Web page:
Working It Out
Couple Overcomes Heartache and Adversity with Commitment to Fitness and One Another
Most married couples begin their relationship as friends, but for Center Grove residents and Anytime Fitness co-owners Craig and Steffanie Brown, circumstances led to them being friends by default.
It starts with Craig Brown and Chris Hartsock. They were best friends from their early elementary school years until the day they graduated from Decatur Central High School. Though Craig joined the Army and moved several states away, the two men picked up right where they’d left off when Craig moved back to Indiana seven years later, in April 1999. By that time, Craig was married with an infant son, Koby, and Chris had met Steffanie, originally from Ohio. On a whim a month earlier, Steffanie had flown out from Cleveland to meet Chris. She never left. Steffanie and Chris joined Craig and his wife, Kathy, for dinner. The two couples were soon spending weekends together with a large circle of close-knit friends. Chris and Steffanie were married two years later.
For the next four years the two couples celebrated birthdays and holidays as family. Then Craig’s wife suddenly died in 2005, leaving him stunned and alone with Koby. Chris and Steffanie helped Craig cope with single parenthood and made sure he was involved and surrounded by their extended group of friends as much as possible. In 2007, another tragedy: Chris, a 14-year Indianapolis Power and Light employee, was replacing a 1,200-pound electrical transformer when the crane lifting it fell. Craig was rushed to Methodist Hospital, where Steffanie and their friends and Chris’ family were told that if Chris survived, he would suffer severe brain damage and be quadriplegic. Steffanie spent hours talking to family members and Craig, whose wife had also died of a brain injury. “I had gone through the same thing,” he recalls. Steffanie knew Chris wouldn’t want to live with such drastic injuries, if he recovered at all. Two days later, they took Chris off life support.
“I don’t know that the funeral would have been planned, if it hadn’t been for Craig and our friends,” Steffanie now says. “I wasn’t in the state of mind to be able to make decisions.” She couldn’t sleep, and she stayed with friends, not wanting to ever go back to the house she and Chris had shared. Their home had already been on the market and sold about a month after the accident. “We had no children; I had no immediate family here. Our friends had to plan my life for a while,” she said.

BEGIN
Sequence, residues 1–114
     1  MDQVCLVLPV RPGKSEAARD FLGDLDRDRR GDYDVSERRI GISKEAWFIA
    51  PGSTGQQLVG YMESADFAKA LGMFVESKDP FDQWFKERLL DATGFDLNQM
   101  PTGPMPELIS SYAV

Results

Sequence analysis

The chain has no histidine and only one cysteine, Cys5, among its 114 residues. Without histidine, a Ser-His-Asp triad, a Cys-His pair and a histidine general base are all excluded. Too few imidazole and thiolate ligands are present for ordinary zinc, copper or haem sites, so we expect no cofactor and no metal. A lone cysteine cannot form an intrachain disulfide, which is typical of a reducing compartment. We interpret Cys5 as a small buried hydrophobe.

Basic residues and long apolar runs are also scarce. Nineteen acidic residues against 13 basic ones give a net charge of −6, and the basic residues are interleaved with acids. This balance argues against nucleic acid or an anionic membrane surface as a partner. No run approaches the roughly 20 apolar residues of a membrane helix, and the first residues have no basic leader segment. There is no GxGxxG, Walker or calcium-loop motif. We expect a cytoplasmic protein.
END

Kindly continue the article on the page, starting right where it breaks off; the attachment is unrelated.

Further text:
Craig, who had been through the same turmoil of tragically losing a spouse just two years before, tried to help Steffanie as much as possible. He had lost his best friend and Steffanie had lost her husband. However, after a few months of helping one another cope, Steffanie and Craig started to feel they might be more than friends who had both lost someone they loved. “I was in a really bad place,” Steffanie said. “But when I was with Craig, I felt better. He made me feel alive and think things would get better.”
For Craig’s part, admitting that he might like Steffanie as more than a friend wasn’t easy. “It really bothered me,” he says. “I was thinking, ‘You aren’t supposed to be thinking like this … your best friend’s widow … no, I can’t feel like this, it’s not right.’” Still, Craig invited Steffanie to a concert on Memorial Day, and that night he confessed how he felt. “I was acting weird,” he says, “I think I said, ‘I know you probably don’t want to hear this, but I have feelings for you and I know that Chris has only been gone a few months, but I will wait for you until you’re ready, if you have feelings for me.’” It was a risky move — but Steffanie felt the same.
“My parents, her mom, they thought it was great,” Craig says. Their friends felt differently.
“We tried to meet one-on-one [with our friends] to explain,” Steffanie says. “How could we lose both our spouses and know the one thing giving us hope — our relationship — we were being asked to give up to save our friendships?” Together, they decided they were prepared to lose their friends and pursue a relationship. “But to this day, we’re saddened that we had to make a new life together that didn’t include our friends,” she says.